People living around Chancellor Street in Glasgow's west end say that every day vehicles block access to their properties, restrict pedestrian walkways and make life difficult for delivery men and the emergency services.
They have given their backing to proposals being debated by MSPs to make it an offence to park on a pavement, double park or to block dropped kerbs.
The Responsible Parking Bill was formally launched at Holyrood yesterday by Sandra White, the SNP MSP for Glasgow Kelvin, who declared: "Pavements are for people not cars."
The initiative is supported by charities representing older people, wheelchair users and other vulnerable groups, as well as the emergency services.
Retired firefighter Alan Sheerin, 54, whose mother lives near Chancellor Street, said: "I've seen cars lifted by the council for parking where they shouldn't, but within 15 minutes the spaces were full again."
Indicating one particularly congested area, he added: "You couldn't get a fire engine through there and that's putting lives at risk. There just isn't enough room to operate an appliance.
"Legislation is needed, but you would also have to redesign the pavement to make more parking bays. These roads weren't designed for this level of traffic."
John Mullan, 64, who lives in nearby Elie Street, said: "You see people having to go round cars on the pavement every day and walk on the road. You see young women with prams having to leave the pavement.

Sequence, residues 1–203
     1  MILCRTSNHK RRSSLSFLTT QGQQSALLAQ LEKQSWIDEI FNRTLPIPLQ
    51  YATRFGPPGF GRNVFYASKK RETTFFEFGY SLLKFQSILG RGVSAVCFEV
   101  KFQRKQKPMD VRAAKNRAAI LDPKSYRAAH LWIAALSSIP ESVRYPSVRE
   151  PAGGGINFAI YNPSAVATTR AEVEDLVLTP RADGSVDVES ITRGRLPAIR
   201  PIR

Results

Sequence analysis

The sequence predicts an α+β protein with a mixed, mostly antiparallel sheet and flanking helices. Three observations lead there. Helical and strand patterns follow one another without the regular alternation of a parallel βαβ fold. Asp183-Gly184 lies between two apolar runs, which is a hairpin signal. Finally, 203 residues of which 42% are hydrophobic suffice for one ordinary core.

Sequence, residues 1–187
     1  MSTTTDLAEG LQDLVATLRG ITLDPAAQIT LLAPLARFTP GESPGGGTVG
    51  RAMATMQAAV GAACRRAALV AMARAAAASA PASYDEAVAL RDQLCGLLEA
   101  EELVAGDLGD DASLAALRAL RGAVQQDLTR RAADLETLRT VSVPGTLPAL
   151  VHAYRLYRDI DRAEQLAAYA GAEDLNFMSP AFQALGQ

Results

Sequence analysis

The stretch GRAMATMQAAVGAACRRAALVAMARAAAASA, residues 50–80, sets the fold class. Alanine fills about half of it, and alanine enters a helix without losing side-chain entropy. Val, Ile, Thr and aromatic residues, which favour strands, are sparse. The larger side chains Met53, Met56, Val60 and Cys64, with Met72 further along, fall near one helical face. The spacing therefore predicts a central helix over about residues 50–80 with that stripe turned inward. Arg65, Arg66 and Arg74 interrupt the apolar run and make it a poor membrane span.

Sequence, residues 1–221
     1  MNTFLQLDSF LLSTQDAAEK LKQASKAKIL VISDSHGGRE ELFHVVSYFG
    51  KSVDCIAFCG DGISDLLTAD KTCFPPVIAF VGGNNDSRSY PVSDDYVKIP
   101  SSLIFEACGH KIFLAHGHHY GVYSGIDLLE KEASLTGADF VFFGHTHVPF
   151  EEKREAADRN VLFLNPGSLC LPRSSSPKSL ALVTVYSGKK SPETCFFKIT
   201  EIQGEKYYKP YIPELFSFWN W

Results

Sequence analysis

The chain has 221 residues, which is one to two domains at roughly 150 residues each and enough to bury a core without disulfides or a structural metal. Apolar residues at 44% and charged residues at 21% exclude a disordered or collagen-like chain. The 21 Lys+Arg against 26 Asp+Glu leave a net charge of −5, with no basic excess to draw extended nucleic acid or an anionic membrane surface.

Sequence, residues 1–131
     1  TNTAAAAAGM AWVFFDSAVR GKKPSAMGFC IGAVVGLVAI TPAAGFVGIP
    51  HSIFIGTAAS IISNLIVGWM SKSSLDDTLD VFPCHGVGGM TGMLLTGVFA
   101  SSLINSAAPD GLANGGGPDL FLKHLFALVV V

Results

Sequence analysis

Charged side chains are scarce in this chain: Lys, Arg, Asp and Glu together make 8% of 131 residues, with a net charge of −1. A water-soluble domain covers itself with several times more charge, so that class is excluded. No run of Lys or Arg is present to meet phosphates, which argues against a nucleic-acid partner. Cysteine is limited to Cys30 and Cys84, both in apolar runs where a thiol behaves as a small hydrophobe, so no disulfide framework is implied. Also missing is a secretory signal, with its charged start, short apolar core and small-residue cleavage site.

"I'm fed up with it. The problem is often caused by people who don't even live around here – they just leave their cars.
"Locals can't get parked and if I have a visitor they have to leave their car streets away."
Taxi driver Stephen Ridell, 43, said double parking made it hard for him to do his job.
He added: "People leave their cars blocking the road, or they park on the pavements at corners and it's almost impossible to get past because it narrows the road.
"Some roads are hard for me to negotiate in my taxi and I can't see an ambulance or a fire engine being able to do it.
"It's difficult, but there are so many cars on the roads."
David Stormonth, 49, a gas inspector from Old Kilpatrick, admitted he was guilty of parking on the pavement as he made his way to a job in one of the flats nearby.
He said: "I shouldn't have parked there, but someone pulled out and there was no other spaces available.
"It's the first time I've parked there. The problem is that there is nowhere else around here and I would have to leave my van 10 streets away and walk to the job.
"But I wouldn't want to block someone who is trying to walk along the pavement, so I would be happy if parking on the pavement was banned."
Ms White launched the bill following a consultation on the proposals that attracted more than 400 responses – 95% of which were in favour.
She said: "This has had one of the highest responses for a Members Bill.
"If you are blind, or in a wheelchair, or with a pram it is ridiculous – it is criminal – that you cannot walk on the pavement.
"There are drivers who are inconsiderate.
"We have the backing of the fire service and the police, and traffic wardens are also in support of legislation."